There are words in the air about what is best for your business! Bill McDermott from SAP in an interview with Information Week said that Saas was harder, riskier and more expensive than people have first thought. What I can’t be clear on is whether that is from the supplier or customer perspective. Clearly SAP have said that they have throttled back their Business-by-Design product while they applied some lessons learnt so maybe that is what Bill is referring to.
On the other hand Salefsorce.com has recently had a blip whereby all its customers were left stranded for at least 40 minutes and some areas nearly two and a half hours last week. This isn’t the first time this has happened although the last a couple years back was somewhat bigger in scale. An interesting website appears to log the status of the service, SalesforceWatch.com.
The single big disadvantage of the widespread usage of SaaS is that if it goes down ( and it will at some point ) everything you need is unavailable and that applies to millions of users. The advantages are not having to worry about all the things that might disrupt your service, just limiting yourself to the robustness of your WAN and LANs. Problems with software provision come from two sources – either change management or failure of hardware (this would include network and power supply). In my experience change produces the highest frequency of disruption – the old adage “it isn’t broken so don’t fix it ” often being a cause.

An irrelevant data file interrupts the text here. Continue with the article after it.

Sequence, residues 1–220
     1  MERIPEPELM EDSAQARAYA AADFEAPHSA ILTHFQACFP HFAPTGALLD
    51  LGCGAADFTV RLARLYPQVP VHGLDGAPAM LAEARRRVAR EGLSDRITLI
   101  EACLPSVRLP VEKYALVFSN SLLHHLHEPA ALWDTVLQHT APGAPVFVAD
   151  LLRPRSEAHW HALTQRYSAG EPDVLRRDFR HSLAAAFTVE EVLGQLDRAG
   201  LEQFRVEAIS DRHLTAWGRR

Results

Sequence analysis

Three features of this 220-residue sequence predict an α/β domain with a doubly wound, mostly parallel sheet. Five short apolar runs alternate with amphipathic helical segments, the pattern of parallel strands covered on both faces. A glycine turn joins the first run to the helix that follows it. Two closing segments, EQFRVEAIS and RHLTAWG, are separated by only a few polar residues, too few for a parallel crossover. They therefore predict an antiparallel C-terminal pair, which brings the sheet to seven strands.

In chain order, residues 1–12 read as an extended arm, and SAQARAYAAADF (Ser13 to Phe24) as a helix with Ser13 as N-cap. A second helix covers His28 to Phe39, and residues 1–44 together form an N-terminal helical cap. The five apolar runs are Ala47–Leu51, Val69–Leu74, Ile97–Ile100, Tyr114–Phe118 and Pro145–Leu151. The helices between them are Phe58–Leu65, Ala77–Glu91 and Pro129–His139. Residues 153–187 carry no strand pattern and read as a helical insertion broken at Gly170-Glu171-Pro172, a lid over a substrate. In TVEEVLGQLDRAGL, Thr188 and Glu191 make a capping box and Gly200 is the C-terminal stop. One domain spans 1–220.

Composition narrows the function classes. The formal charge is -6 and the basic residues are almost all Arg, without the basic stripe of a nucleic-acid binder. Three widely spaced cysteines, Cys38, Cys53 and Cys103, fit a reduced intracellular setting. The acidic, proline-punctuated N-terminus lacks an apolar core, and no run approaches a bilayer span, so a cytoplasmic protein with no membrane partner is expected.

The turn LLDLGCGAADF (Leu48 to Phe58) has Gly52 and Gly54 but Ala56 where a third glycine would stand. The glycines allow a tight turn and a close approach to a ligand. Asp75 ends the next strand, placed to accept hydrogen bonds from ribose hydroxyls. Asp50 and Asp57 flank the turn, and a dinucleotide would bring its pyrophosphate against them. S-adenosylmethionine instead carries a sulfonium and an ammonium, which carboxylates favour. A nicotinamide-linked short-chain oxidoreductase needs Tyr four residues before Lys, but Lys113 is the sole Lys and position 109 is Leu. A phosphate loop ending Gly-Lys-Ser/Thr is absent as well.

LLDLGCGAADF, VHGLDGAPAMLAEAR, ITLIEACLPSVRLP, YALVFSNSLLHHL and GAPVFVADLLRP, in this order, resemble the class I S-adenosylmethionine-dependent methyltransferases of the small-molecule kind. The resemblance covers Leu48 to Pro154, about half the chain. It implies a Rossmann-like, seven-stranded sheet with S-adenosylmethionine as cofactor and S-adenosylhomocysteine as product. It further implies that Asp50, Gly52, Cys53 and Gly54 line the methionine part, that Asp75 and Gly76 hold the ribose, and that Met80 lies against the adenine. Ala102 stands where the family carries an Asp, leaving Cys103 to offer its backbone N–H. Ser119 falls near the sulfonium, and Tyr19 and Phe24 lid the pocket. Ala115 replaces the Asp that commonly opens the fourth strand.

So I guess the choice is yours – but attention to detail when constructing your SaaS contract not around the software but around the service provision is the key, and you should examine in detail the business continuity plans and undertakings of the supplier. Service credits for outages aren’t really worth anything if you can’t run your business and anyway will be pitifully small in comparison to the cost of the disruption. Obvious really!
Perhaps it should be renamed Service and Software?